[13:07] For the first year, because of payroll, Quantum was losing about $40,000 a month. That is the element of risk in starting a company with employees.

[13:43] Quantum associates consider themselves as warriors for people going through one of the most difficult times of their life. People on a healthcare journey are seeking a safe place and if you open up that conversation, and you turn it over to them, you have no idea where that call or conversation is going to go.

[14:18] Quantum associates need to be prepared to deliver immediate expertise. They have the expertise to be able to navigate between all the different parties. Normally, when somebody’s stuck there are multiple points of failure. Quantum takes those issues on so the person going through the healthcare journey can focus on the journey.

[14:45] The Warrior Creed on the wall is a vital piece of the Quantum culture.

[15:11] It takes intent to hard-wire brand values into a culture. There are three tests to take before interviewing for a job at Quantum: the Wonderlic test, a test of “what feeds and starves you?” (similar to DISC or Myers-Brigg), and an empathy test. Few are hired from call-centers or insurance companies. Most are from service occupations.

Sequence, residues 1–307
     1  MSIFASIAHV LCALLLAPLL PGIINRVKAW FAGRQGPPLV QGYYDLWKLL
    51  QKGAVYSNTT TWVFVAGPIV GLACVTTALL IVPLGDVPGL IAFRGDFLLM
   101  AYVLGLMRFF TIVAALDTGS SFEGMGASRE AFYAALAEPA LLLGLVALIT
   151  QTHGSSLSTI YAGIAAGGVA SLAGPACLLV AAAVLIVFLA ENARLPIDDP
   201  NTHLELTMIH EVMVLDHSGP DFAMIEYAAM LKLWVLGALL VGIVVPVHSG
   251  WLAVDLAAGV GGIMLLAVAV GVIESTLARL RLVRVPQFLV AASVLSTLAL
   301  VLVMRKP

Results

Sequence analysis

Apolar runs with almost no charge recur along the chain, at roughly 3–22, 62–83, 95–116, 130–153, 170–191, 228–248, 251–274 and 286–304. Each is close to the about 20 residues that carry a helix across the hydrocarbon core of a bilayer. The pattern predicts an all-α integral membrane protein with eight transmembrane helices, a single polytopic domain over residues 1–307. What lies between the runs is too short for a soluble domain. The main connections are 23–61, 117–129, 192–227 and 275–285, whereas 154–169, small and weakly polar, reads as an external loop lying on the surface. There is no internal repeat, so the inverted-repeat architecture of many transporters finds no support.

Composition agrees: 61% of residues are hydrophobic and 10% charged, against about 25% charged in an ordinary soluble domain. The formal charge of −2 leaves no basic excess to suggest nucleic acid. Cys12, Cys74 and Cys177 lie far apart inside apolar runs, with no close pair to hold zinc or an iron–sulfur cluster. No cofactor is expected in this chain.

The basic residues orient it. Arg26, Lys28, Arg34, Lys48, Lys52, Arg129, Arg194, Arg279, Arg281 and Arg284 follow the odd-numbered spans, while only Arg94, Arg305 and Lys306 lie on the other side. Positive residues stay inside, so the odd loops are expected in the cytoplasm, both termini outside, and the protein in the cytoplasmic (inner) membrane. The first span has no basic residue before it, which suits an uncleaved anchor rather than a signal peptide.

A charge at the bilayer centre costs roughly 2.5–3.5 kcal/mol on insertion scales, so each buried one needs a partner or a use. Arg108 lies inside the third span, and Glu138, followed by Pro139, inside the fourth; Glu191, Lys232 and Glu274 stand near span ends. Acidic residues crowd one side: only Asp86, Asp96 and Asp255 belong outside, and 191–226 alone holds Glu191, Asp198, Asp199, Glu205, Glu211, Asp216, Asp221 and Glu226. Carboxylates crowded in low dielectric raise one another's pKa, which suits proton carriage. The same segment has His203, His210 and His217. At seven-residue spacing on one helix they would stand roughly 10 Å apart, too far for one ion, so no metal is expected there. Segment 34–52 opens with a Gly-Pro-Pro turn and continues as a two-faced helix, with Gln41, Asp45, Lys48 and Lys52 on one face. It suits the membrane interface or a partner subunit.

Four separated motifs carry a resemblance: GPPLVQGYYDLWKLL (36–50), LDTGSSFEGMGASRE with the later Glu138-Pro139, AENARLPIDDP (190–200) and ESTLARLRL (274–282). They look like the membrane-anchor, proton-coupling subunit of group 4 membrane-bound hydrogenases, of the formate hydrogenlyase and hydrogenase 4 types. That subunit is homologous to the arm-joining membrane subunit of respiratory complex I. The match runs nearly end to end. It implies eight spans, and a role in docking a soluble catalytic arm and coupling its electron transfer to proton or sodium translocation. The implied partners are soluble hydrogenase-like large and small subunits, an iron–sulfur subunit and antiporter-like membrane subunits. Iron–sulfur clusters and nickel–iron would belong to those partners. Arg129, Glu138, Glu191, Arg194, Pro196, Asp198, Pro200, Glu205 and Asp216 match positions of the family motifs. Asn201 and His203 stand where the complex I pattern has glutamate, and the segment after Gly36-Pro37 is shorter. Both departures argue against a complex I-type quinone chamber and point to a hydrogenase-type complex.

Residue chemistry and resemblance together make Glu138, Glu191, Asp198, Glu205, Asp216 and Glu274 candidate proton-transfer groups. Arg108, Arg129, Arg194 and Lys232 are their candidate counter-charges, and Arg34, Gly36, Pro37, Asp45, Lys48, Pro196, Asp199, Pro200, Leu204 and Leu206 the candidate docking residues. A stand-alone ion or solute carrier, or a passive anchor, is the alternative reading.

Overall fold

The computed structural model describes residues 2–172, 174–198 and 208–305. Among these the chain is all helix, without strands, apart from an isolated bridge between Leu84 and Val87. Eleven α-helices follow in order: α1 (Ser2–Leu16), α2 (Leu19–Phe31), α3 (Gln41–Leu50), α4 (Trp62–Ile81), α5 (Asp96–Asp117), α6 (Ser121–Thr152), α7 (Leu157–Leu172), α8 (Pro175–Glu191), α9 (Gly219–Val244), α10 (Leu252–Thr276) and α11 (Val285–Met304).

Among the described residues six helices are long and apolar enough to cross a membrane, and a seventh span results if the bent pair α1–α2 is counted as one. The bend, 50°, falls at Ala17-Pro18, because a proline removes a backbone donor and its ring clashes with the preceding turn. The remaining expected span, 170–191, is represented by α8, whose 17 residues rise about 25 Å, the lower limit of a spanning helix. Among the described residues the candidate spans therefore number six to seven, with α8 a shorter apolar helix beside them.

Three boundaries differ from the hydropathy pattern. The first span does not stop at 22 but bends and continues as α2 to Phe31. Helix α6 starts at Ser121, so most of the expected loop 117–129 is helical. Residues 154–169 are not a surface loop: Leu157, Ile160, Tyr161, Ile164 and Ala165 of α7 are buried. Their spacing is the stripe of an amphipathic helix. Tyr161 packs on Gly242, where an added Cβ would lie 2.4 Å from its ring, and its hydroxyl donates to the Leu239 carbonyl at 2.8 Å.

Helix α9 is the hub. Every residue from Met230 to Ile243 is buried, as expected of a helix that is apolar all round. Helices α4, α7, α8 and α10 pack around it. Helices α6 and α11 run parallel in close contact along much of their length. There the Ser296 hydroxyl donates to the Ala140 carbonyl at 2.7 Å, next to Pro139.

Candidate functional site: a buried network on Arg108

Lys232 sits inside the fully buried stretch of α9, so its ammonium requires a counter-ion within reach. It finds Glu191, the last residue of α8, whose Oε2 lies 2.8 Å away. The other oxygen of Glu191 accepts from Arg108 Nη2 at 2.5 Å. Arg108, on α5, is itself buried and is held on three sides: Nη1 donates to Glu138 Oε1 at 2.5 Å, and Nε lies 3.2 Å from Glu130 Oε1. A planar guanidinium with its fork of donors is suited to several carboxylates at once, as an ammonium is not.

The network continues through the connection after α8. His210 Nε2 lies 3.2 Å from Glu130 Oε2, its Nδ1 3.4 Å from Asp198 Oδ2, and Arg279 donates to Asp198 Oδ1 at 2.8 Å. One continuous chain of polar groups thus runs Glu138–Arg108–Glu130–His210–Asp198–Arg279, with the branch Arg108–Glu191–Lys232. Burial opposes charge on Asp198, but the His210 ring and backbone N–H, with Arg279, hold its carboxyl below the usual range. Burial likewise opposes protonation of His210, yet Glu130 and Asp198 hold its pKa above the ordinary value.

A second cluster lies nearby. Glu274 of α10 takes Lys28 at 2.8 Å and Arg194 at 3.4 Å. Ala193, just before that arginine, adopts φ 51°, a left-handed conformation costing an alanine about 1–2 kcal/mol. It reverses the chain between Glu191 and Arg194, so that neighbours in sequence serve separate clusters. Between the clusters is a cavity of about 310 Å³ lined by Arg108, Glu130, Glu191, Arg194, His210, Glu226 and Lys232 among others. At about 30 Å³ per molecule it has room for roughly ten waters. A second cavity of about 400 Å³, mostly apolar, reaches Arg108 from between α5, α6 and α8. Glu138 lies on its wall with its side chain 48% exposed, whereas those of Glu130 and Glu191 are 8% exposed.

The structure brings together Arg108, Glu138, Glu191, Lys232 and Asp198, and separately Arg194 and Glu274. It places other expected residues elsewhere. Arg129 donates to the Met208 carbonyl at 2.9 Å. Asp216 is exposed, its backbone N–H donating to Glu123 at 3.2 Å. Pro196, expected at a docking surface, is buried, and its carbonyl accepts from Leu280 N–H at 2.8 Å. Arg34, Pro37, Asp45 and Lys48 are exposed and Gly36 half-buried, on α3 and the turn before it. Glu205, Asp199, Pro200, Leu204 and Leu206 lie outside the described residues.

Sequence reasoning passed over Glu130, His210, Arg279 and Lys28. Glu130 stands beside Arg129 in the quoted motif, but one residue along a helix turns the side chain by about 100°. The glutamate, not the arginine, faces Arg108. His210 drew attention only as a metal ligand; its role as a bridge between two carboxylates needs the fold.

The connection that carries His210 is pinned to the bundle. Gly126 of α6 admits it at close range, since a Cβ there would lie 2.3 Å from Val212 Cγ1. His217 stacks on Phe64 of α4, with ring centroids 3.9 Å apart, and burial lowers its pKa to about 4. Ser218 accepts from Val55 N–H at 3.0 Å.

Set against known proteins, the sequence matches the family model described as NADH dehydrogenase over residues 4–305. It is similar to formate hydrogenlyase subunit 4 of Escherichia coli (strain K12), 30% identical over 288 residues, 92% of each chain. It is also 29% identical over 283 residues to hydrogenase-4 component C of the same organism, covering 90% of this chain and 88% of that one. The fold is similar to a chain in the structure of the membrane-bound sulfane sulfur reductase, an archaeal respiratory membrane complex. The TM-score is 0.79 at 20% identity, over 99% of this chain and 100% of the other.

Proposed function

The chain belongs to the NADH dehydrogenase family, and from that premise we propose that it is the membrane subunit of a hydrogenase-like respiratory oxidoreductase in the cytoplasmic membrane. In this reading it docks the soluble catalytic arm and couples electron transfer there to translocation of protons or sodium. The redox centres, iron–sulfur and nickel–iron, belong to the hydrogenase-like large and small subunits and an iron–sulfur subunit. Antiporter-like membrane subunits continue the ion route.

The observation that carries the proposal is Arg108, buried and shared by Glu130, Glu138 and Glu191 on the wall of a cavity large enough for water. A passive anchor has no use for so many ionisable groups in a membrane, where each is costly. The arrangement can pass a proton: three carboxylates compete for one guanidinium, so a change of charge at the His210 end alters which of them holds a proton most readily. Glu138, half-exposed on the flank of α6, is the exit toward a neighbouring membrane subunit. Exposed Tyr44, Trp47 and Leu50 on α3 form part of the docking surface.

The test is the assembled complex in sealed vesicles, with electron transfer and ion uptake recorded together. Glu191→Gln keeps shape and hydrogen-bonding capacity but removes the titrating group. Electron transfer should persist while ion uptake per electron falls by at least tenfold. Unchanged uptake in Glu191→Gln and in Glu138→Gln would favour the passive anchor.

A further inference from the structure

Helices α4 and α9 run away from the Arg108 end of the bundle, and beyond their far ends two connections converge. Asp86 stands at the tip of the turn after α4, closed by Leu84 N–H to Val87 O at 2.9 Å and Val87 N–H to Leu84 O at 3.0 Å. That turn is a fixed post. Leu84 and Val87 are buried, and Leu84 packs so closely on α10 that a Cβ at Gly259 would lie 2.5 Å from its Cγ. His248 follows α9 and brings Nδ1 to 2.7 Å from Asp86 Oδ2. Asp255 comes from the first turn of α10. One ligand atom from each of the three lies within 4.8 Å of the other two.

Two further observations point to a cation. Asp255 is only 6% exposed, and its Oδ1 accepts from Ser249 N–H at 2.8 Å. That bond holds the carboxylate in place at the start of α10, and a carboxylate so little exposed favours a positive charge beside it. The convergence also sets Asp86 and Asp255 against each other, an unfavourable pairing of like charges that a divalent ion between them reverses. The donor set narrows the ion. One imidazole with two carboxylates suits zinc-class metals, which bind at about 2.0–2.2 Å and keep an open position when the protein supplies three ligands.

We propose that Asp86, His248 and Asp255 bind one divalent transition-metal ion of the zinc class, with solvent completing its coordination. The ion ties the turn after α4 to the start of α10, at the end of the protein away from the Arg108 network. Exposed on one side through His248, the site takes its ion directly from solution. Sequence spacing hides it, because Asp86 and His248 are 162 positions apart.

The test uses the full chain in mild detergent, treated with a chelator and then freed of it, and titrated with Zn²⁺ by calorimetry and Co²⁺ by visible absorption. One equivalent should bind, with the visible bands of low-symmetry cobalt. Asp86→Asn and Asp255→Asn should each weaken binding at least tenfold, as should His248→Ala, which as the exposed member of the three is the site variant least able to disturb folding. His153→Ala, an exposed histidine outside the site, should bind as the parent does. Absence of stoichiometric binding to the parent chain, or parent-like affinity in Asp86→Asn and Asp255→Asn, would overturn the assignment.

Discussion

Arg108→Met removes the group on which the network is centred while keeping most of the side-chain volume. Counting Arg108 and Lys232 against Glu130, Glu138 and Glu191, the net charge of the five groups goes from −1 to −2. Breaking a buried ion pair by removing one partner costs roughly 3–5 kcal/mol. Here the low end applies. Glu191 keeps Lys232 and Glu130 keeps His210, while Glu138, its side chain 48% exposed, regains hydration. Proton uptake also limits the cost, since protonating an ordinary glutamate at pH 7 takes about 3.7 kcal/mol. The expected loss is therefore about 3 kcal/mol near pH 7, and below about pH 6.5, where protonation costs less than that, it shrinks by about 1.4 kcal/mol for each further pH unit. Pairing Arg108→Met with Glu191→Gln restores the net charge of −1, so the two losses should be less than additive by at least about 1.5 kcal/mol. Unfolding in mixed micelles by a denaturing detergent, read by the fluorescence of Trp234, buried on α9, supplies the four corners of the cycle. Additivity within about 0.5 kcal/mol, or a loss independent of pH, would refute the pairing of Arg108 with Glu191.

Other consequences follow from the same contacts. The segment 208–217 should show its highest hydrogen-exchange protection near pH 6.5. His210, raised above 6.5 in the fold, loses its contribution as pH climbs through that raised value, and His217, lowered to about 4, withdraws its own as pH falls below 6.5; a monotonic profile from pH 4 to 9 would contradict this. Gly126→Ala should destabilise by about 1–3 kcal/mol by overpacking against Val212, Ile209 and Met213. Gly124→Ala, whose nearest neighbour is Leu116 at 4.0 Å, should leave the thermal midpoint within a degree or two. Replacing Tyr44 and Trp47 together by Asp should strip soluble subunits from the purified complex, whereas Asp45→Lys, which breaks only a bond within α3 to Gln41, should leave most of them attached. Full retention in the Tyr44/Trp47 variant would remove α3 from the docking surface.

[16:18] Quantum has translated the “I care” values into attributes and competencies that form the basis for leadership development and team development. 84% of Quantum managers and above are promoted from within. There is a strong leadership development program at Quantum Health. It’s very much a servant leader organization.

[17:13] Quantum has developed their own technology system. The system necessary to see the journey longitudinally, mine the information, see what they needed to do right away and have the expertise available didn’t exist when Quantum Health started. It aggregates data from all different sources. It’s an open system that can pull in any data.